Originally published on Live Science.by Taboolaby TaboolaSponsored LinksSponsored LinksPromoted LinksPromoted LinksYou May LikeVikings: Free Online GamePlay this for 1 min and see why everyone is addicted!Vikings: Free Online GameUndoTruthFinder People Search SubscriptionOne Thing All Liars Have in Common, Brace YourselfTruthFinder People Search SubscriptionUndoGundry MD Total Restore SupplementU.S. Cardiologist: It’s Like a Pressure Wash for Your InsidesGundry MD Total Restore SupplementUndoArticles VallyDad Cuts Daughter’s Hair Off For Getting Birthday Highlights, Then Mom Does The UnthinkableArticles VallyUndoEditorChoice.comSee What The World’s Largest Dog Looks LikeEditorChoice.comUndoNucificTop Dr. Reveals The 1 Nutrient Your Gut Must HaveNucificUndo A woman in England died after falling onto a reusable metal straw, which pierced her head, and the tragic accident has renewed debate over bans on plastic straws, according to news reports. The woman, 60-year-old Elena Struthers-Gardner, was carrying a glass with a 10-inch-long stainless-steel straw when she fell and the straw impaled her eye, causing fatal brain injuries, according to the Daily Echo, a British newspaper. Struthers-Gardner had scoliosis, or a sideways curvature of the spine, which made her prone to falls. Struthers-Gardner died in November, and a coroner’s report on her death was released this week, according to The New York Times. The report called her death an accident.Headbutting Tiny Worms Are Really, Really LoudThis rapid strike produces a loud ‘pop’ comparable to those made by snapping shrimps, one of the most intense biological sounds measured at sea.Your Recommended PlaylistVolume 0%Press shift question mark to access a list of keyboard shortcutsKeyboard Shortcutsplay/pauseincrease volumedecrease volumeseek forwardsseek backwardstoggle captionstoggle fullscreenmute/unmuteseek to %SPACE↑↓→←cfm0-9接下来播放Why Is It ‘Snowing’ Salt in the Dead Sea?01:53 facebook twitter 发邮件 reddit 链接https://www.livescience.com/65925-metal-straw-death.html?jwsource=cl已复制直播00:0000:3500:35 Several U.S. cities and states have already banned plastic straws to reduce the plastic entering the environment, and a similar ban is set to take effect in England in April 2020, the Times reported. But the bans have sparked concern among people with disabilities and their advocates, who say the bans make straws unavailable for those with disabilities who rely on straws to drink, according to NPR. In addition, the rigidity of reusable metal straws may pose safety risks. “I just feel that in the hands of mobility-challenged people like Elena [Struthers-Gardner], or children, or even able-bodied people losing their footing, these [straws] are so long and very strong,” Mandy Struthers-Gardner, Elena’s wife, said in a statement, the Daily Echo reported. “Even if they don’t end a life, they can be very dangerous.” In 2016, Starbucks recalled 2.5 million stainless-steel straws due to reports of young children who experienced mouth lacerations from using the straws, according to U.S. Consumer Product Safety Commission. Brendan Allen, the assistant coroner involved in Struthers-Gardner’s case, also warned about the potential dangers of metal straws. “Clearly, great care should be taken when using these metal straws. There is no give in them at all,” Allen said. He added that in this case, the metal straw may have been particularly hazardous because it was used with a lid that prevented the straw from moving. “It seems to me these metal straws should not be used with any form of lid that holds them in place,” Allen said. “It seems the main problem here is if the lid hadn’t been in place the straw would have moved away.” In Images: The Great Pacific Garbage Patch Top 10 Craziest Environmental Ideas In Photos: World’s 10 Most Polluted Places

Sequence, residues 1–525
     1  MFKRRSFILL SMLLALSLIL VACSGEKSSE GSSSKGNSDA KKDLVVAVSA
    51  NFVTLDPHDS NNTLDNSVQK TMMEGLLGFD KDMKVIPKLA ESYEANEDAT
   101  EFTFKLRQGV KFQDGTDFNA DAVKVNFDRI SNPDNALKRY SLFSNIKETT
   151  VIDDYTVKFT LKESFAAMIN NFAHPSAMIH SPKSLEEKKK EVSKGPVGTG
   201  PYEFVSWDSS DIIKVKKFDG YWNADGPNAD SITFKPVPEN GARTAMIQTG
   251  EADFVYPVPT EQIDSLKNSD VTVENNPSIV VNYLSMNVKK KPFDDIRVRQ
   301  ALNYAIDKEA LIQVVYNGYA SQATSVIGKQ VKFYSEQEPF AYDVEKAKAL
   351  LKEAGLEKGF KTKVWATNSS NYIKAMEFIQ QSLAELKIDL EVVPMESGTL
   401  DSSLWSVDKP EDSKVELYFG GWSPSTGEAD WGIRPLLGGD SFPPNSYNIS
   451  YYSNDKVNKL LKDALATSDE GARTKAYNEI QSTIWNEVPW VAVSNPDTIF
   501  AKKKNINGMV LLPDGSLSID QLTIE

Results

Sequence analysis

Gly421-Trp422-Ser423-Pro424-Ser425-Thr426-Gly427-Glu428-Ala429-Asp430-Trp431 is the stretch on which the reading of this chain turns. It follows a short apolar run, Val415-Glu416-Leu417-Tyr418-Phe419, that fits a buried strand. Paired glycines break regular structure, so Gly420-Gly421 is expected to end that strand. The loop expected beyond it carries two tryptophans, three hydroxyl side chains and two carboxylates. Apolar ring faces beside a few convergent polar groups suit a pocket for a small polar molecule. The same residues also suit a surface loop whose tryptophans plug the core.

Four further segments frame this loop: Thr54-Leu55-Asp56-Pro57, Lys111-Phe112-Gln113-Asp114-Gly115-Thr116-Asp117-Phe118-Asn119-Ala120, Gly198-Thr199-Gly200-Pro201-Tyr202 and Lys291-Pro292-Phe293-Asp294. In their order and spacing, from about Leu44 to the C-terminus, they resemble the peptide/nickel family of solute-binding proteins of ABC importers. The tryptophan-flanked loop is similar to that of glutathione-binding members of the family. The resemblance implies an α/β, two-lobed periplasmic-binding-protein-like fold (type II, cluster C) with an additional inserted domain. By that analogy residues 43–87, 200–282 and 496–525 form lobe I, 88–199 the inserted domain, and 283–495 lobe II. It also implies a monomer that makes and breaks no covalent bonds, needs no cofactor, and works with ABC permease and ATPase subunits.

Published on SHARE SHARE EMAIL parliament SHARE June 25, 2018 COMMENT COMMENTS The Monsoon session of Parliament is set to begin on July 18 and end on August 10 with the triple talaq bill among the legislative items topping the government’s agenda.The session will have nearly 18 sittings, Parliamentary Affairs Minister Ananth Kumar told reporters here.The Cabinet Committee of Parliamentary Affairs (CCPA), chaired by Home Minister Rajnath Singh, met here today to recommend the dates. President Ram Nath Kovind will now formally convene the session.“We seek the support and cooperation of opposition parties. There are many important items on the legislative agenda that the government wants to take up in the Monsoon session,” Kumar said.More than six ordinances will be taken up, he said.The triple talaq bill, which has been passed by the Lok Sabha and is pending in the Rajya Sabha, will be among the top priorities of the government, the minister added.He said the government will push for constitutional status for the National Commission for OBCs. The National Commission for Medical Education Bill and the transgender bill will also be taken up.With P J Kurien’s term ending at the end of this month, the election to choose the deputy chairman for the Rajya Sabha will be taken up in this session, Kumar said.